How To Choose Pallbearers For Your Funeral
Pallbearers help to carry or escort the casket at a funeral.
When Pallbearers Are Appropriate
If you plan on having an open casket at your funeral, the casket will already be set up at the funeral venue by the funeral home staff. If there will be a closed casket at the funeral, it is traditional to have pallbearers bring the casket into the venue and remove the casket from the space to a hearse after the service. If there will be a cemetery burial after the service, the pallbearers can again carry or escort the casket from the hearse to the gravesite.
Who Can Be A Pallbearer
Pallbearers can be men or women, and are often either family members or close friends. Traditionally, there are six pallbearers at a funeral, as there are usually six handles on a casket (three on each side), though there are often two handles on the front and back sides of a casket, allowing for eight pallbearers.
Pallbearers are usually close family members and friends. Siblings, adult children, grown grandchildren, nieces and nephews, close friends, and colleagues are all common choices for pallbearers. However, anyone can serve as a pallbearer. Your pallbearers can be the same people who you've chosen to participate in the service in other ways (such as people delivering eulogies or readings), or you can choose people who are important to you but who will not be speaking at the service.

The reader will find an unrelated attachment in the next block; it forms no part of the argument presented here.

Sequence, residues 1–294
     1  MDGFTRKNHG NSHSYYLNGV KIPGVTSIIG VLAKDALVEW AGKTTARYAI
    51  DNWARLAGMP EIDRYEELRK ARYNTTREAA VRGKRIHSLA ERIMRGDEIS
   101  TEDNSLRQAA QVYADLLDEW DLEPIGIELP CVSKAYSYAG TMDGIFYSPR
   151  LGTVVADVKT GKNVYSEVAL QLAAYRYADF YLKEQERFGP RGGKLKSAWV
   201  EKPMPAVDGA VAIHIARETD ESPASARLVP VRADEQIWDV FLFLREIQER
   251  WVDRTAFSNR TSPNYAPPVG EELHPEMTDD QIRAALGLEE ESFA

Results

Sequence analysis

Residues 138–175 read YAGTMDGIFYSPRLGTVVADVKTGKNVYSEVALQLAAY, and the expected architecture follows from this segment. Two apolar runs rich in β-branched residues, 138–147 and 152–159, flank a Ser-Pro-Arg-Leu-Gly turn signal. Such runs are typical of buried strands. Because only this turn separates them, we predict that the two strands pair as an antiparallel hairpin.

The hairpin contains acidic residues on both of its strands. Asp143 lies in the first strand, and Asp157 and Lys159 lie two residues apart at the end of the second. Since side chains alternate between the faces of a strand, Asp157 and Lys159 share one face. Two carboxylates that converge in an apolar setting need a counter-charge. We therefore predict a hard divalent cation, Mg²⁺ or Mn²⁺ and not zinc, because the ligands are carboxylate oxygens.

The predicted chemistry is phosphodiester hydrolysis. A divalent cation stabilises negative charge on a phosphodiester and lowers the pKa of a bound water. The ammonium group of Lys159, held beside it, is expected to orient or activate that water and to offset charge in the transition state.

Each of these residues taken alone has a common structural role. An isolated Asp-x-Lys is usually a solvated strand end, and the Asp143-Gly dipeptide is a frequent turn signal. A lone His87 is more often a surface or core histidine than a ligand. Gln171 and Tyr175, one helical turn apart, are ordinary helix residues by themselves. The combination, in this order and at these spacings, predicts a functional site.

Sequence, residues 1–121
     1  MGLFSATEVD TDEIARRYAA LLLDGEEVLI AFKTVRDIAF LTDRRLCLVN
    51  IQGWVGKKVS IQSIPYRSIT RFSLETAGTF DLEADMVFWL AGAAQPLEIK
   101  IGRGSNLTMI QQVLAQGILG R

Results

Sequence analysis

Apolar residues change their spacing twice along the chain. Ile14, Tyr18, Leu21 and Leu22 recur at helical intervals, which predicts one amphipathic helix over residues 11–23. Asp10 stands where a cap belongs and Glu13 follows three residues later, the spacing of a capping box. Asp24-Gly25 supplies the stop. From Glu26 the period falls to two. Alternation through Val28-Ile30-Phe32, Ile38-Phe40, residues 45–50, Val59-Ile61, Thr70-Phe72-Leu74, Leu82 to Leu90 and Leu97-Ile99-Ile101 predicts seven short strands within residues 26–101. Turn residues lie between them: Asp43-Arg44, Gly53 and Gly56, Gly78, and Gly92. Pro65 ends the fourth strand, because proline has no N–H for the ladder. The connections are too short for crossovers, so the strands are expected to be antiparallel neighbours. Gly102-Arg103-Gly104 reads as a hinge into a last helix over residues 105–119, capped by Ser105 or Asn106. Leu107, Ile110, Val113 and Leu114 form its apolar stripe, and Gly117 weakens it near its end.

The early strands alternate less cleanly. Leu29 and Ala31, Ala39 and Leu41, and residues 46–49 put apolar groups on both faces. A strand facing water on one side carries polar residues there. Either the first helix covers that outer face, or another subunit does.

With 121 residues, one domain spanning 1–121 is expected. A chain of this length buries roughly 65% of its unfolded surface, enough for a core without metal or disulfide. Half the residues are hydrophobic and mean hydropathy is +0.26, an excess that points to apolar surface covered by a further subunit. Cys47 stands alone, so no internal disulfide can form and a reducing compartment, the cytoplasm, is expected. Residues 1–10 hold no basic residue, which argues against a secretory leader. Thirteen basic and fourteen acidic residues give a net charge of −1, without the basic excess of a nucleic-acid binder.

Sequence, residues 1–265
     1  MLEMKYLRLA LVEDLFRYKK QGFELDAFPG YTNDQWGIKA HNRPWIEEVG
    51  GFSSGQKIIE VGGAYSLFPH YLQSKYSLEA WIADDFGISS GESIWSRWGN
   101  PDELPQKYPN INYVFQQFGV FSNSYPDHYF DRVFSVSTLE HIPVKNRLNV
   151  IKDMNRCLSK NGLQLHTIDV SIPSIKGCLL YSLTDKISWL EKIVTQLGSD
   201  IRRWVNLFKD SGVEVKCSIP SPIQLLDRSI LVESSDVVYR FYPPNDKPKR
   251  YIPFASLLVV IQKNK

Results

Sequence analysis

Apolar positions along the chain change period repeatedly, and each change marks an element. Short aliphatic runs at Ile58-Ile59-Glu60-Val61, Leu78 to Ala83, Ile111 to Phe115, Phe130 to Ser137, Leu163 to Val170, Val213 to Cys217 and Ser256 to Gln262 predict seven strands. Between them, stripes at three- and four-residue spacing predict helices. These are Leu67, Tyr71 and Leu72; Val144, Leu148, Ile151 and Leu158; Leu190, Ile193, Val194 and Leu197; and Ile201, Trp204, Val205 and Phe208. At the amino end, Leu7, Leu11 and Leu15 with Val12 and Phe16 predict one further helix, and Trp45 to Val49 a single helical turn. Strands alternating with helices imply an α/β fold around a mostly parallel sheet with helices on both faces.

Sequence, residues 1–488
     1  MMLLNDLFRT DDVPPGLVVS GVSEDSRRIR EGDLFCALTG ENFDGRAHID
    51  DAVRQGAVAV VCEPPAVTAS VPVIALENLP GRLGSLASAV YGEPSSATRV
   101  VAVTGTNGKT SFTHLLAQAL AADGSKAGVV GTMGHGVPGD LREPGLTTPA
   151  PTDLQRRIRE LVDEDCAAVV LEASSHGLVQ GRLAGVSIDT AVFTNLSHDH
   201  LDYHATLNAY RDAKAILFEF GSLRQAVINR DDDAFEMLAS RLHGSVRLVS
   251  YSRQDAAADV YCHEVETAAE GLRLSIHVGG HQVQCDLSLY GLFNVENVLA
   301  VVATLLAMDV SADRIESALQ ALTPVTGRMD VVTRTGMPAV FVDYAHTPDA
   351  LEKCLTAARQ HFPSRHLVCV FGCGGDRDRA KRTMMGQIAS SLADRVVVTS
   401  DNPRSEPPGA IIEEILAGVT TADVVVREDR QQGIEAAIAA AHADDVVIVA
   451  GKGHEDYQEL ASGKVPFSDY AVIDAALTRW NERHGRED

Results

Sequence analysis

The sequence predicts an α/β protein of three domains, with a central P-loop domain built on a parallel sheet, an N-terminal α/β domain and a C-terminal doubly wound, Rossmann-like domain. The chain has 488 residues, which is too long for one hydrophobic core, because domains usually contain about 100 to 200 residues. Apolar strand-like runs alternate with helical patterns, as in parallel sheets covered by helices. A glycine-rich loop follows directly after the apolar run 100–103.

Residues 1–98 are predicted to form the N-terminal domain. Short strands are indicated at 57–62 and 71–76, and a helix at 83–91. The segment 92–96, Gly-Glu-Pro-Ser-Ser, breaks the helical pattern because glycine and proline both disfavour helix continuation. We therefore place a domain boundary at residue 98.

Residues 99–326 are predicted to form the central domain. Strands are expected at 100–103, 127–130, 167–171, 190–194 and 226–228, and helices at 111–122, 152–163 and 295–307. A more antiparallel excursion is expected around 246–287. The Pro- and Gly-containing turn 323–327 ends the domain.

How To Choose Pallbearers
Being a pallbearer is often seen as an honor. When choosing your pallbearers, think about who you'd like to have this honor, but also consider who might not have the emotional wherewithal at the funeral for this job. In most cases, being a pallbearer requires physically carrying the casket, any you may want to consider choosing people who will be able to bear the weight. (If you'd like to choose someone to be a pallbearer and you don't believe he or she can physically carry the casket, consider making that person an "honorary pallbearer," explained below.)
Talk to the people you’re considering as pallbearers to let them know that you’d like them to participate. You might want to explain what the role entails and why you're asking the person to participate in this way. If a person has concerns about his or her ability to perform the role, you can address those concerns.
You might consider talking to your family about the people you'd like to serve as pallbearers. By letting your family know who you'd like to have as pallbearers at your funeral they can more easily follow your wishes. In addition, by making these decisions for your family, you can relieve any stress they may have had about choosing people to serve as pallbearers.
If any people whom you would like to have as pallbearers are not physically capable of carrying the weight of a casket, those people can be made “honorary pallbearers” and can walk in front of, beside, or behind the casket. There is no limit to the number of honorary pallbearers that you can have at your funeral.
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